By Fabian Cambero
A record-breaking drought in Chile is impacting mining operations and forcing companies to escalate their search for more sources of water, from water treatment and pricey desalination plants to even encouraging workers to use less water in the shower.
The Andean nation, the world’s no. 1 copper producer and the no. 2 producer of battery metal lithium, is battling a historic drought that is now entering its 13th year. That has led capital Santiago to roll out unprecedented plans to ration water for residents.
Mines are also feeling the effects.
Anglo American’s flagship Los Bronces mine in central Chile saw production fall 17 per cent year-on-year in the first quarter of 2022, partly due to water scarcity, the firm said in April. Antofagasta Minerals said drought led to a 24 per cent first-quarter drop in production at its Los Pelambres mine.
Tensions over water use having been building over years for Chile’s miners, who need it for pumping minerals like lithium to the surface, copper smelting, and in the concentrator, which breaks down raw ore and processes it into usable material.
Traditionally, they have relied on continental waters – land-based water from lakes, rivers and reservoirs.
“Our main challenge is to find other sources beyond continental waters,” Maximo Pacheco, chairman of state-owned mining giant Codelco, told Reuters.
Pacheco said Codelco was planning to recycle more water and reduce water use through efficiency savings, but gave few details on specific measures.
Mining firms such as Anglo American and Antofagasta have targeted tailings of mine waste to increase recirculation, reduced water loss from pipes, and reused greywater.
‘EVERY DROP COUNTS’
In Los Pelambres in the northern region of Coquimbo, mine workers are reminded as they eat their lunch to reduce personal water use by screens around the dining room, part of the mine’s “Every Drop Counts” programme to save water.
Antofagasta’s mine also has a desalination plant coming online in the second half of the year and is targeting 90 per cent of the mine’s water coming from the ocean or recirculation by 2025.
Jorge Cantallopts, head of research at government copper commission Cochilco, told Reuters that mines high up in the Andes in central Chile were facing the biggest challenge, with the drought likely to persist and issues creating desalination plants far from the ocean.
Cantallopts pointed to Los Bronces as the most notable example, but said others like Codelco’s Andina and El Teniente could soon confront similar issues.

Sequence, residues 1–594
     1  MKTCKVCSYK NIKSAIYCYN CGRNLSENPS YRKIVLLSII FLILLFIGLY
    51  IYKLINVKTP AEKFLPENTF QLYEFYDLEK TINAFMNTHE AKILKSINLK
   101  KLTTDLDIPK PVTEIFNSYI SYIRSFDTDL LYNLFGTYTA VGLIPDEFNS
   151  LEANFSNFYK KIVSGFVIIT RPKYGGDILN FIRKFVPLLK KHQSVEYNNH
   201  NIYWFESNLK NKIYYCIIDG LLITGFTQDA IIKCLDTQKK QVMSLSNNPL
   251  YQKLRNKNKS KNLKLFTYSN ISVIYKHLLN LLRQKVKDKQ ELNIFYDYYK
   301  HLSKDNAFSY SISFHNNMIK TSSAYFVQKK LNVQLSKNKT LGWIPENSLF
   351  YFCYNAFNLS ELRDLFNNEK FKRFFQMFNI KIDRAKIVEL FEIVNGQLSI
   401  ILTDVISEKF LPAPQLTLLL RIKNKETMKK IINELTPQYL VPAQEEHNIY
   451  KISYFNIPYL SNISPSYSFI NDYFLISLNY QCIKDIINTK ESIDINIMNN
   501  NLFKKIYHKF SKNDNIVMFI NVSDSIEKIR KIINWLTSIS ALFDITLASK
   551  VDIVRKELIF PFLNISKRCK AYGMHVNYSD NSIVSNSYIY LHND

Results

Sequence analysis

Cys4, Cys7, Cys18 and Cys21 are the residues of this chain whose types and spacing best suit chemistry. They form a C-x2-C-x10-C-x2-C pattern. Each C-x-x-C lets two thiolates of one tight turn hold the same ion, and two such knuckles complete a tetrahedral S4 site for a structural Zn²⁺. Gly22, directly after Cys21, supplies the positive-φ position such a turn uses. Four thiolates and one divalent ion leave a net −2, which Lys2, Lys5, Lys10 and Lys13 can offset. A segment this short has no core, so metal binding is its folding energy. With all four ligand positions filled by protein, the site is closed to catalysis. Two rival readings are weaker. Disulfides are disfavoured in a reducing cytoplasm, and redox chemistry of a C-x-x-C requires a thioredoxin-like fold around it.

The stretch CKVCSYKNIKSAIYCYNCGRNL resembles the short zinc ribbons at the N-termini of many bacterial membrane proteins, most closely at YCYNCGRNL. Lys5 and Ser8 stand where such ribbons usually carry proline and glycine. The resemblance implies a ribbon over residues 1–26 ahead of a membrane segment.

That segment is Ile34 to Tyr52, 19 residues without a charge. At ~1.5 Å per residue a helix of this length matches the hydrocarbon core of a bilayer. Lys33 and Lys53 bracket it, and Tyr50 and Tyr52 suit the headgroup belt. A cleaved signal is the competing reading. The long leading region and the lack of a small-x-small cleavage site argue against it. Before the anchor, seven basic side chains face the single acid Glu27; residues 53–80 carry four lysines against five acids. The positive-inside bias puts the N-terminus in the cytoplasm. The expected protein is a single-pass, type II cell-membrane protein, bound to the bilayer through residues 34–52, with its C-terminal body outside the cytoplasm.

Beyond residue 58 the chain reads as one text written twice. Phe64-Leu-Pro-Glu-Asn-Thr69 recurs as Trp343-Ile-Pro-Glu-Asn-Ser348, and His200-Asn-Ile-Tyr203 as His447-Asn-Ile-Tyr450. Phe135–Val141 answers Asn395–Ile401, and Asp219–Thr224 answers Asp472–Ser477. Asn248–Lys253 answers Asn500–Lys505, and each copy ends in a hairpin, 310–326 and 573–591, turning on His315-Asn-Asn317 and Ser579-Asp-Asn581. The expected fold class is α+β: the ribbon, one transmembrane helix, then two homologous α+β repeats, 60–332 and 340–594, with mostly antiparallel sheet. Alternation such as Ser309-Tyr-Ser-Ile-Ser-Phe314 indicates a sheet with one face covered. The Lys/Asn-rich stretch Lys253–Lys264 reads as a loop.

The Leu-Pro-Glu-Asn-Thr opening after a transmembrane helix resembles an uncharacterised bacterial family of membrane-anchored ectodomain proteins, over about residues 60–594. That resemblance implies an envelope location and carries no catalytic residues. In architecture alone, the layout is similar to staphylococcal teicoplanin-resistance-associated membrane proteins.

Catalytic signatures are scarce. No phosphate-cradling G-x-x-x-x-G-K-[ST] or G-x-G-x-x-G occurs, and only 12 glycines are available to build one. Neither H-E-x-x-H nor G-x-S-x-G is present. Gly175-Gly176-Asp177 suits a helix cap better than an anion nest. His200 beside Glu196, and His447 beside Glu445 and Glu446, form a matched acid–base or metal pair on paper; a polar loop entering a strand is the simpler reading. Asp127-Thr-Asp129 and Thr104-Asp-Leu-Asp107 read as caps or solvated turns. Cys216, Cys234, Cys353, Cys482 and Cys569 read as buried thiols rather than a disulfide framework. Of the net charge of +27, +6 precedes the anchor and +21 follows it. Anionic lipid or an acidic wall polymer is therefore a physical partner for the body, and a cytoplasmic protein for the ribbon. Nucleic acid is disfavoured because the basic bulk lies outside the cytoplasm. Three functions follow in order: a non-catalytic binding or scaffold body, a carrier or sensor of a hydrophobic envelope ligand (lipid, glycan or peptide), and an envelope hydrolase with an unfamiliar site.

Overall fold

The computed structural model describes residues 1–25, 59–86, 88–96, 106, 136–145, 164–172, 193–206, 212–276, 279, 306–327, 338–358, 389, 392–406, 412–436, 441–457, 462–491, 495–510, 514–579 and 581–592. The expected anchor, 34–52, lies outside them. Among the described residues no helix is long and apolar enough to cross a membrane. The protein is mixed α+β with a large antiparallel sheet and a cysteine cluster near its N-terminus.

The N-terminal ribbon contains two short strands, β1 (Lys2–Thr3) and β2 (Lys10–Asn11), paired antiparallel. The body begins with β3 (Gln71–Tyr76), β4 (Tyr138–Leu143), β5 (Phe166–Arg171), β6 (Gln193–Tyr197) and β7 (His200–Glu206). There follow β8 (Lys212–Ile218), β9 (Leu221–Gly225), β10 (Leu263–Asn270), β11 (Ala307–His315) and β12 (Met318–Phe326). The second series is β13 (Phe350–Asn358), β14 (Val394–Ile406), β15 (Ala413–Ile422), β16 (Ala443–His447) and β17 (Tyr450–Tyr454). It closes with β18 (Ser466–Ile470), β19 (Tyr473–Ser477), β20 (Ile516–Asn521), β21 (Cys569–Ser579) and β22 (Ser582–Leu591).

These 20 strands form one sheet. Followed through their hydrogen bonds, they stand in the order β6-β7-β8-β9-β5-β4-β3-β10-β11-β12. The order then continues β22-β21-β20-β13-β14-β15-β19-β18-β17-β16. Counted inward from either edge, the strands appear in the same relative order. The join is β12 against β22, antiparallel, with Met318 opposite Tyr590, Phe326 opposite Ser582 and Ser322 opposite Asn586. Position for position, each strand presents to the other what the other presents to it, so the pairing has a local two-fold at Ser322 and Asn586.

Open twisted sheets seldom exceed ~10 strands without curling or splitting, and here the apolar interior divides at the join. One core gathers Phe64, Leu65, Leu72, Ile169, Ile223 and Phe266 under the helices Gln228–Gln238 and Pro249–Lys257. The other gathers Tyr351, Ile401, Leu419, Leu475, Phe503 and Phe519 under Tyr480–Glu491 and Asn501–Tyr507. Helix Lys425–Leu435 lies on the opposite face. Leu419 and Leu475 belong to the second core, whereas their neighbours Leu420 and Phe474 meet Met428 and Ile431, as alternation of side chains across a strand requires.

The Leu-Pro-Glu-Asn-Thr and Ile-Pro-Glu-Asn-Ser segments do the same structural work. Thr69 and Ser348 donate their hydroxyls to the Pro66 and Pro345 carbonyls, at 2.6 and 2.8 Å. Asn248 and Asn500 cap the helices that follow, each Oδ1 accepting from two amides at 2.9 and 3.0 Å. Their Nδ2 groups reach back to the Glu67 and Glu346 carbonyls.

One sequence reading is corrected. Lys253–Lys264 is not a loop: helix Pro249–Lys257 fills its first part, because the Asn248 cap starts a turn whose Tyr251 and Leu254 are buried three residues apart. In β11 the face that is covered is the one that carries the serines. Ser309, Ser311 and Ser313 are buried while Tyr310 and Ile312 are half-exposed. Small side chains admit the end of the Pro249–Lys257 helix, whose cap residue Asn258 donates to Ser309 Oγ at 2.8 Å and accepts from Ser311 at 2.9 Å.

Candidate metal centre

“They will face the same problems in a few years and we have to do something,” he said.
Mining undersecretary Willy Kracht told Reuters the government was pushing mining firms to share water infrastructure and plans to establish a forum to boost coordination.
Anglo American said in response to Reuters queries that Los Bronces was looking to make production more efficient and find water sources that “don’t compete with human consumption.”
The firm has already increased water efficiency and reduced freshwater extraction, though it has warned its copper production projections of 660,000 to 750,000 tonnes this year could be affected by water availability and Covid-19 impacts.
POLITICS OF WATER
Water use is also becoming increasingly political, with leftist President Gabriel Boric keen to toughen environmental regulations.
Regulators have already looked to sue or fine some mining firms for excess water use, especially in the Atacama desert region, a major source of lithium which is in hot demand to make electric vehicle batteries.
Cochilco estimates fresh water use will decline by 45 per cent by 2032 due to desalination, according to a report last month. But the process is expensive, uses lots of electricity, and is not always feasible in high-altitude Andean regions inland.
BHP Group, an early mover, now meets water demand at its huge Escondida mine with the technology and has a desalination plant at its Spence mine, but still depends on continental waters for the smaller Cerro Colorado deposit.
Antofagasta has said that the continuity of its Zaldivar mine depends on the extension of continental water rights since its size would not justify the cost of a desalination plant.
Kracht said protecting water resources and the environment and spurring economic growth in the mining-dependent country was a tough balancing act.
“We have to take care of this drought. Then there’s climate change and policies being promoted at a global level, but we are also being tasked to develop more mining. So there is a kind of contradiction we have to learn how to balance,” he said.